Memory cards work on an entirely different principle. Zeros and ones are stored in memory cells, instead of on a rotating platter. This kind of memory is similar to computer RAM. There is a key difference, however, between computer RAM and the memory chips used in digital camera cards: digital camera cards contain non-volatile RAM. That means photos aren't purged when the card is removed from the camera. Instead, memory cells remember if they contain zeros or ones until told otherwise.

This type of memory is called flash memory. Flash memory cards contain memory, obviously. The greater the number of memory chips, and the more densely packed each memory chip, the greater the capacity of the card. Card capacities have been increasing as flash memory manufacturers have devised new ways to shrink memory chips. As of early 2012, 64GB and even 128GB CompactFlash  and SDXC cards are readily available, while a 256GB CompactFlash card has been announced.

Both flash memory and rotating hard drive cards contain a controller. The controller determines how data is to be written to and read from the memory on the card. Whether a flash memory card or a card like the Hitachi Microdrive will be speedy or not with a given camera is determined as much as anything by the controller architecture. A card that is fastest with one camera isn't necessarily fastest with another, because of how the controller interacts with and exchanges data with the camera. The write speed test results are a testament to this.

The flash memory itself determines the maximum speed of flash memory cards, since no matter how efficient the camera-controller communication, data can't be transferred to the card any faster than the flash memory is capable of receiving it. Part of the price premium charged for certain fast flash memory cards reflects the extra cost of using the fastest available memory.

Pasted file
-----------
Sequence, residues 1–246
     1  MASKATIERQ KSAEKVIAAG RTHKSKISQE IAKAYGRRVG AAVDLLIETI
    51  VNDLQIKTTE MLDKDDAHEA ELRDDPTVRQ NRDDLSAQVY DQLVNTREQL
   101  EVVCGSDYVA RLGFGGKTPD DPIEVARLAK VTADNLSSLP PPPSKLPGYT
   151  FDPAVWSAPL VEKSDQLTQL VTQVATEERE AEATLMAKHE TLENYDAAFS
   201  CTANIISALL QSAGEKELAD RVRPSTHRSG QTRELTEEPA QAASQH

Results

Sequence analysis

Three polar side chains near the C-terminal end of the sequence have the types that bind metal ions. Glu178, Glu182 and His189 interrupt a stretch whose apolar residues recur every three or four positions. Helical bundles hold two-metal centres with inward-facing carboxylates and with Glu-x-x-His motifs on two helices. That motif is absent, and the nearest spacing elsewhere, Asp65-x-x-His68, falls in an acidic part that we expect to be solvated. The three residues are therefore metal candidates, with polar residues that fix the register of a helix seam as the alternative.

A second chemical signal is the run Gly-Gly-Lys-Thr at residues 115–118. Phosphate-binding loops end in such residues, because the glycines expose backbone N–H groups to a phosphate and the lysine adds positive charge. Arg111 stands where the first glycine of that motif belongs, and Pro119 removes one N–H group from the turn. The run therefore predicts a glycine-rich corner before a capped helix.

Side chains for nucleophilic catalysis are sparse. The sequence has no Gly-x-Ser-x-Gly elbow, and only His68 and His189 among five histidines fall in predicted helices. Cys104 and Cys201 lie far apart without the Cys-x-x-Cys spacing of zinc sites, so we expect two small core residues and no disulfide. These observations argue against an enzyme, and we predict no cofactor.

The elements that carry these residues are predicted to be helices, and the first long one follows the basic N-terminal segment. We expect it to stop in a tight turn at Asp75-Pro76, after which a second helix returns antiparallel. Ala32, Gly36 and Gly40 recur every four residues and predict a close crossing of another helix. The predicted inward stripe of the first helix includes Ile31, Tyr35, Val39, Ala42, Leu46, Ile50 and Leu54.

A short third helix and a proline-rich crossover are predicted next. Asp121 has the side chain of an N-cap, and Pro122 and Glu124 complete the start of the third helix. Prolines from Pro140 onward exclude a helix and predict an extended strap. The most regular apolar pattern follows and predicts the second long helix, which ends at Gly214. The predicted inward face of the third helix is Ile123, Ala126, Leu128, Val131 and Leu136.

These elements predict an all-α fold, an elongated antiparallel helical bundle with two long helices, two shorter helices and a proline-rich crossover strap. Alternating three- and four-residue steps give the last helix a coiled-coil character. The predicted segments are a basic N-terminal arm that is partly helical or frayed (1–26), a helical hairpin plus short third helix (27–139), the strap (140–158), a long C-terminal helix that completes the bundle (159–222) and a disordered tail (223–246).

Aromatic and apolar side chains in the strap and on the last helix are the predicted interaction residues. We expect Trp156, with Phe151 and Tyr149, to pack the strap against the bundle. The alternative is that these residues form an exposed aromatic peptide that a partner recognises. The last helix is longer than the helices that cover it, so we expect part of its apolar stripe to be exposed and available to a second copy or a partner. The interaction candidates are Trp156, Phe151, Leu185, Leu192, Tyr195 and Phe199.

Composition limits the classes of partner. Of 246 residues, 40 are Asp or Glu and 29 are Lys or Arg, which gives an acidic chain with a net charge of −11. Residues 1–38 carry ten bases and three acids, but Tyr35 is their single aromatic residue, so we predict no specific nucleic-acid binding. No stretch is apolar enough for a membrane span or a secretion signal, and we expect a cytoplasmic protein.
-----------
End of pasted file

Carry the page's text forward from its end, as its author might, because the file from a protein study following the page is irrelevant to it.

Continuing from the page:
Similarly, the maximum speed of a rotating hard drive card is limited to how fast its head can drop data into tracks as it spins.

As is probably already apparent, flash memory cards contain no moving parts. This makes them extremely durable. I unintentionally proved this point years ago, when I accidentally dropped a Lexar Media 160MB card from my shirt pocket onto a cement driveway a full story below. The card was fine and I lost no photos. The Internet is also filled with stories of photographers accidentally running their flash memory cards through the washing machine and, after the cards were left to dry, discovering that they'd lost no pictures.

The durability of flash memory cards makes them an excellent choice for news and sports photography in particular, because they are the most likely to survive the bumps and bruises they will receive during their life.

Individual flash memory cells have a limited lifespan. That's the bad news. The good news is that their lifespan is usually measured in the many, many thousands of erase/write cycles, and that card controllers utilize an algorithm that balances the wear across the entire card's cells. CompactFlash and SD/SDHC/SDXC cards are designed to automatically and transparently map out memory cells that go bad, or in some cases when they reach a predefined limit.